You use them every day, but do you really know what a website is made of? Does creating simple visual effects like text layers or auto-scaling images with CSS still feel more like magic than designing? Although Web design and development methodologies have advanced far beyond their original days, the fundamentals of Web technologies like HTML and CSS have not changed much. It’s still important to write semantically-meaningful markup and design the look and feel of those pages using simple, maintainable stylesheets. Unfortunately, it’s harder than ever to find a good introduction to the basics: where should you use an
<article>and where should you use a
<section>, what is a CSS formatting context, how do you find an element’s most recently positioned ancestor, and why does that matter?
In this course, students will solidify their understanding of the most important—and most often overlooked—parts of Web fundamentals. Starting from the structure of HTML and extending to the richness of semantic data formats like Microdata and RDFa, learn how to publish any information on the Web. From simple typography to modern CSS layouts, students will master the in-browser development tools so that by the end of the course, students will not only have created a fully-functional web site but will also know how to debug any rendering issue they encounter.View course details
Using the built-in features of modern Web browsers and their support for technologies like CSS3, a single HTML document can simultaneously be a scrollable and interactive presentation when viewed online, a picture-perfect paper brochure when printed, and even an installed app when launched from your smartphone’s home screen. Moreover, the Web as we know it today could not do what it does without a plethora of additional technologies like SVG for resolution-independent imagery or RSS and Atom for syndicated articles from blogs and news outlets. These alternate document formats and markup languages can be styled, tweaked, and customized using CSS, and CSS in turn borrows some of its more advanced features like animations, graphical filters, and modern layout concepts from those XML-based formats.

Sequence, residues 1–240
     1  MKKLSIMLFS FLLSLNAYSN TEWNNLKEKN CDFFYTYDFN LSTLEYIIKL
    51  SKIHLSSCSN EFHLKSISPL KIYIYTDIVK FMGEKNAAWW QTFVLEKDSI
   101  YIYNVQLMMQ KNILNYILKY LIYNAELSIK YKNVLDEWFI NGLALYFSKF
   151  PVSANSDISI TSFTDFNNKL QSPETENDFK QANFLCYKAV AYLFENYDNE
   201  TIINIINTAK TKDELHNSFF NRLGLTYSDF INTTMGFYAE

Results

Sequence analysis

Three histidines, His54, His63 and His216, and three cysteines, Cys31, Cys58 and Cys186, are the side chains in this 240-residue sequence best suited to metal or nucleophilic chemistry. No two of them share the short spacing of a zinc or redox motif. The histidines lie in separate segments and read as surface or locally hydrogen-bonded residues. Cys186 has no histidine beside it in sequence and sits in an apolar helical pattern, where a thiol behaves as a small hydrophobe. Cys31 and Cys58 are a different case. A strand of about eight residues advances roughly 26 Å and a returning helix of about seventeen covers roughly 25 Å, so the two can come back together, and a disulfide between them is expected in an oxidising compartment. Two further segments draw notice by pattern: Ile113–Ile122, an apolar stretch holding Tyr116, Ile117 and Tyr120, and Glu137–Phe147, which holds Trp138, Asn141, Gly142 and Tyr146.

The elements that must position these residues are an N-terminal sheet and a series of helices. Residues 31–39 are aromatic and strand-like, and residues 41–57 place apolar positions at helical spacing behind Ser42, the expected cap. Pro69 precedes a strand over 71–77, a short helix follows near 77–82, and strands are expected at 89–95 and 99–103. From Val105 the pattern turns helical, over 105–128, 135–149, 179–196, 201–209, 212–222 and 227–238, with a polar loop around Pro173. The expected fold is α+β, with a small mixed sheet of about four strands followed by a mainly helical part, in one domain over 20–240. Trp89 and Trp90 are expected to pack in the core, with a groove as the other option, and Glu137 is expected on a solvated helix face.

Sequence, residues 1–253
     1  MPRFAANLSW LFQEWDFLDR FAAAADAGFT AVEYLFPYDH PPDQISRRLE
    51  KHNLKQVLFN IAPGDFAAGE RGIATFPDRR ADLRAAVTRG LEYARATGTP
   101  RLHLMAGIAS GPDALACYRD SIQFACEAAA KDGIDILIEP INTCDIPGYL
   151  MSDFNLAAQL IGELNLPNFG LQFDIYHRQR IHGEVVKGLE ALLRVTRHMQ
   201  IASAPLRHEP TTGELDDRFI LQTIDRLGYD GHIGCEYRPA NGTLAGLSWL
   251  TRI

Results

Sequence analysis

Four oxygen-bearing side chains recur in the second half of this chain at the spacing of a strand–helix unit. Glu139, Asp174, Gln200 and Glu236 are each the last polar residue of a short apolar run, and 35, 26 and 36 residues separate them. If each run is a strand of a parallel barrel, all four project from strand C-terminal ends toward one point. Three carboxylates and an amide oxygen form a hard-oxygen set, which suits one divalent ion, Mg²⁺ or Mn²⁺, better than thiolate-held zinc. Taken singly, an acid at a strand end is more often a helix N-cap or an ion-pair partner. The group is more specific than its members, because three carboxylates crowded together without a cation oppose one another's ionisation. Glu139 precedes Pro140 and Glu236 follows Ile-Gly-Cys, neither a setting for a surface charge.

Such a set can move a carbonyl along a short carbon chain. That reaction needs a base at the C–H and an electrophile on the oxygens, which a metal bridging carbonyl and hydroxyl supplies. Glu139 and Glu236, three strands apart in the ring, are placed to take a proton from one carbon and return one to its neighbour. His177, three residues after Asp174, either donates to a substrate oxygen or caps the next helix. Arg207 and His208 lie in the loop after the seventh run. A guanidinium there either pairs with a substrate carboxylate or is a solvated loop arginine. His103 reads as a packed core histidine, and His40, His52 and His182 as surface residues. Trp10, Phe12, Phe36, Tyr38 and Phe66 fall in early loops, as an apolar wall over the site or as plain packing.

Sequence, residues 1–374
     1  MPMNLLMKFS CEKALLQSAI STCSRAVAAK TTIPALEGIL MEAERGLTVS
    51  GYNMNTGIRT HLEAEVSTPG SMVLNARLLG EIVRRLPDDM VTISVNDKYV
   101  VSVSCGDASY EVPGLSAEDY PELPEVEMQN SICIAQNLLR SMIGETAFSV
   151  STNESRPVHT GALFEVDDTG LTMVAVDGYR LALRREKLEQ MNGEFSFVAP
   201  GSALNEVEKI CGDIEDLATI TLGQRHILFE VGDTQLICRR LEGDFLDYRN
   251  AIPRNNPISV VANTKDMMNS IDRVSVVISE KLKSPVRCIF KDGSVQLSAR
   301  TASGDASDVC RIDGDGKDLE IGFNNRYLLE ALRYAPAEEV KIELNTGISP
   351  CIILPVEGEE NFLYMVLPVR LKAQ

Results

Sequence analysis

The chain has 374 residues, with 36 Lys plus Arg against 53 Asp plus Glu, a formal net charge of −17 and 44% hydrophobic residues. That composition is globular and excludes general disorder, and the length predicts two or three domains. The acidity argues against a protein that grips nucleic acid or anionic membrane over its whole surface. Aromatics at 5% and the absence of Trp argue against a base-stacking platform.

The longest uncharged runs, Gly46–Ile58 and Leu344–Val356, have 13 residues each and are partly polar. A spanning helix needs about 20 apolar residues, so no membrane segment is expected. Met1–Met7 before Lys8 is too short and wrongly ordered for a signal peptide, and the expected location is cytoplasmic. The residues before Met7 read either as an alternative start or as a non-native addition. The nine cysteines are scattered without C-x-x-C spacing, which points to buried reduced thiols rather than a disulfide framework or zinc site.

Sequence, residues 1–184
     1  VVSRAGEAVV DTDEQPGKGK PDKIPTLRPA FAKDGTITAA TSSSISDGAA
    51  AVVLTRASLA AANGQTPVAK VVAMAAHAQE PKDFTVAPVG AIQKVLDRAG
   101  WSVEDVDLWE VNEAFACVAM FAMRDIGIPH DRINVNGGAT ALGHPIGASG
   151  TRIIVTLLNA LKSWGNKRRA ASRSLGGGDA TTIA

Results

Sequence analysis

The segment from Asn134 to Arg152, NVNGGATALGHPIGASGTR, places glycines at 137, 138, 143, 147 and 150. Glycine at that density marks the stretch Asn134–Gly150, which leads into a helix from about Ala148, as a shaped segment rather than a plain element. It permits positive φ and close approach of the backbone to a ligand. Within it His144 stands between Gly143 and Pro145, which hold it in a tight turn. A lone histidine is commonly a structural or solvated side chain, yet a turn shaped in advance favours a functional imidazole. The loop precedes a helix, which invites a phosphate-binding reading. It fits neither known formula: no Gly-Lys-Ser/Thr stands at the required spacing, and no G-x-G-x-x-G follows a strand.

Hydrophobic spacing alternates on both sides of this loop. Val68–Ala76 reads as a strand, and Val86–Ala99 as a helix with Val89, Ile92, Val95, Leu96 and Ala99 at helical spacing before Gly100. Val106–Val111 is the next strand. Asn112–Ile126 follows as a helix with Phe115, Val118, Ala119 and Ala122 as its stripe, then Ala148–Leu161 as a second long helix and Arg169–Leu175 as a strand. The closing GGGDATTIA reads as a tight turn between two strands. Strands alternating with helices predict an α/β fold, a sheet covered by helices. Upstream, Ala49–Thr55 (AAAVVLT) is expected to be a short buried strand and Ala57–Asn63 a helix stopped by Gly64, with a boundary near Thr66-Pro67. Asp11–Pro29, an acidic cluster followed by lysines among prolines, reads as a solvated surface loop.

Building on the fundamentals introduced in WEB101, students in this course will take their Web design and development skills to the next level by mastering modern design techniques such as the Flexbox and Grid Layout CSS3 modules, Web Fonts, CSS-based animations, transitions, filter effets, and more. We will also thoroughly cover the Scalable Vector Graphics XML dialect, which is increasingly found embedded directly into Web pages. By the end of this course, students will have added techniques and technologies to their toolkit beyond mere HTML for a much broader view of what “the Web” is and what they can do with it.View course details